Biotin supplements for hair are everywhere. Consumers have been promised that biotin is the key to strong nails and healthy strands. But that’s truly only the case if you’re biotin deficient—which is very rare. Plus, ingesting too much biotin can cause acne, rashes, and can even mess with important lab test results.
“Cases of biotin deficiency as a contributing factor to hair loss and nail problems are actually very low,” says Jeffrey Fromowitz, MD, a board-certified dermatologist in Boca-Raton Florida. Caren Campbell, MD, a board-certified dermatologist in Northern California, adds that “most Westerners consume plenty of biotin in their diet. Biotin-rich foods include organ meats, eggs, fish, sweet potatoes, and almonds.”
Biotin supplements can cause lab abnormalities that interfere with results, so taking them when you don’t need to isn’t a good idea. For example, they can make the test for troponin, a blood protein that is high after a heart attack, appear low, leading to a misdiagnosis. “Additionally, it can cause lab abnormalities with thyroid tests, pregnancy tests, hormone levels, and blood tests for cancer, HIV, and liver disease,” says Dr. Campbell. “If you are taking biotin and plan to have labs, definitely stop at least a week before your blood tests.”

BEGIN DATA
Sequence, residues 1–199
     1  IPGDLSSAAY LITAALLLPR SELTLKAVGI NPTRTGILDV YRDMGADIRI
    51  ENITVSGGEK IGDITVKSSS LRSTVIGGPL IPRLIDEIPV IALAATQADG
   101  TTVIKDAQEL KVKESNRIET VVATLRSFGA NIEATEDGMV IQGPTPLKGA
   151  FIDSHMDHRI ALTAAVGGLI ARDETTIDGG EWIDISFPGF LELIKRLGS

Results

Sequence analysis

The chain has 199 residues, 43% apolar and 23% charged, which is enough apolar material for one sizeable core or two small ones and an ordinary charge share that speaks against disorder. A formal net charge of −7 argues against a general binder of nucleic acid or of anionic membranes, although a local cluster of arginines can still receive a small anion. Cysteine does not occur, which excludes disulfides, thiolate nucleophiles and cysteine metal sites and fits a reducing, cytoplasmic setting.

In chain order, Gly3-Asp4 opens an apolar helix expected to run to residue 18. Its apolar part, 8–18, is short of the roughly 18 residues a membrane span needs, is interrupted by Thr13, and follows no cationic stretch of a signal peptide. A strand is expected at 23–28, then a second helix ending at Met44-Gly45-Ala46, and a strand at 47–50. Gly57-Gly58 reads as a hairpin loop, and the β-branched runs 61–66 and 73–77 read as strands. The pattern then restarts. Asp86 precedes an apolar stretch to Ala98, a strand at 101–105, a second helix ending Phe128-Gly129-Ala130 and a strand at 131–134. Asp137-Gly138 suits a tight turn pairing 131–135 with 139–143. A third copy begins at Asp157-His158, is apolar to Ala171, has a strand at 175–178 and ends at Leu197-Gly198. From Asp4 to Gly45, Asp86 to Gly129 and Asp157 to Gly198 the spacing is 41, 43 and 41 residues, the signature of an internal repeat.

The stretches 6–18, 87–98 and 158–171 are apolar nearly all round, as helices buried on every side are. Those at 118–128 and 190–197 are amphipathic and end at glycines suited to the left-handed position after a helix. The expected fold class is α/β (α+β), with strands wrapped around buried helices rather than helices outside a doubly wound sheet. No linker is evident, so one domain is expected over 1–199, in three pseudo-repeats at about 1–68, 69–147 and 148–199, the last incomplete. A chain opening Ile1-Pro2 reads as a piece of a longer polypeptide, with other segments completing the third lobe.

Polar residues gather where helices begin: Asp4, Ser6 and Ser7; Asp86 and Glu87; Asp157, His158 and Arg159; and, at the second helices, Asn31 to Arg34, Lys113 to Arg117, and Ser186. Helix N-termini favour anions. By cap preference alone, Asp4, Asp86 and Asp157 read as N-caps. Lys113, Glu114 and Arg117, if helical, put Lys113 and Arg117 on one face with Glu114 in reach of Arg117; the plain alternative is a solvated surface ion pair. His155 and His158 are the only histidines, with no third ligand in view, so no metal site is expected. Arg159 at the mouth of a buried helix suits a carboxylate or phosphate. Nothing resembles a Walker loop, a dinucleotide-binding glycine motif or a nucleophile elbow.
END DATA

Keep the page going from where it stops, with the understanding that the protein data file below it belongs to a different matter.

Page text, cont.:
The only time biotin supplementation is recommended is when you are deficient, which can be determined through blood work. Dr. Campbell says getting tested for a biotin deficiency is really only necessary if “you are experiencing symptoms like rashes and neurologic issues in addition to hair loss and brittle nails.” But again, it’s super rare.
“It is not recommended to supplement biotin unless you are breastfeeding or pregnant. Pregnancy and smoking increase the metabolism (consumption by the body) of biotin, but supplementation in smokers isn’t recommended,” says Dr. Campbell, “There are rare cases of biotin deficiency that are genetic/inherited or acquired. You are born with the genetic cause or can develop a deficiency if you consume raw egg whites over a long period of time or suffer from alcoholism.”
If you’re experiencing hair loss and don’t know why, both the derms recommend seeing a board-certified dermatologist to figure out the type of hair loss you are experiencing.
“If it is determined by a doctor that you have a type of hair loss possibly associated with a vitamin deficiency or something that could be picked up on a lab and treated with supplement or medication, then it’s worth obtaining blood work,” says Dr. Campbell. “Usually, iron, zinc, and vitamin D are checked and supplemented if they are too low, and vitamin A can be checked if there is a concern for it being too high. Thyroid abnormalities can also be associated with hair loss and treated with oral medications like synthroid so this is often checked when appropriate.”
If you’re experiencing brittle and dull hair rather than hair loss you can incorporate supplements that help to strengthen and condition the hair that you do have. Dr. Fromowitz is a fan of Nurafol and Viviscal.
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